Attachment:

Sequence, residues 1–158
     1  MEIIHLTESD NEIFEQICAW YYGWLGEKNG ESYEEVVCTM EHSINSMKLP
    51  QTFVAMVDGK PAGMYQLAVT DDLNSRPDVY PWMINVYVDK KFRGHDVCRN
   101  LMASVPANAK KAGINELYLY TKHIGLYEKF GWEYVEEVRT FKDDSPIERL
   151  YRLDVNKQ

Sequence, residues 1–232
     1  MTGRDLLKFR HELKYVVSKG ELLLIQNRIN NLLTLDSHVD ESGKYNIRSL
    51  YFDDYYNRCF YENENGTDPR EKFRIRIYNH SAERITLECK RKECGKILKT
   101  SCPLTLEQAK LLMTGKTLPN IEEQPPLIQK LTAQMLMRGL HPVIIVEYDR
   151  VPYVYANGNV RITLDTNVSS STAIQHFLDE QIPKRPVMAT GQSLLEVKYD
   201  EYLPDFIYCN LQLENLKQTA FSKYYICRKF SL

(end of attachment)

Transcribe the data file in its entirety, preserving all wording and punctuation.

Sequence, residues 1–158
     1  MEIIHLTESD NEIFEQICAW YYGWLGEKNG ESYEEVVCTM EHSINSMKLP
    51  QTFVAMVDGK PAGMYQLAVT DDLNSRPDVY PWMINVYVDK KFRGHDVCRN
   101  LMASVPANAK KAGINELYLY TKHIGLYEKF GWEYVEEVRT FKDDSPIERL
   151  YRLDVNKQ

Sequence, residues 1–232
     1  MTGRDLLKFR HELKYVVSKG ELLLIQNRIN NLLTLDSHVD ESGKYNIRSL
    51  YFDDYYNRCF YENENGTDPR EKFRIRIYNH SAERITLECK RKECGKILKT
   101  SCPLTLEQAK LLMTGKTLPN IEEQPPLIQK LTAQMLMRGL HPVIIVEYDR
   151  VPYVYANGNV RITLDTNVSS STAIQHFLDE QIPKRPVMAT GQSLLEVKYD
   201  EYLPDFIYCN LQLENLKQTA FSKYYICRKF SL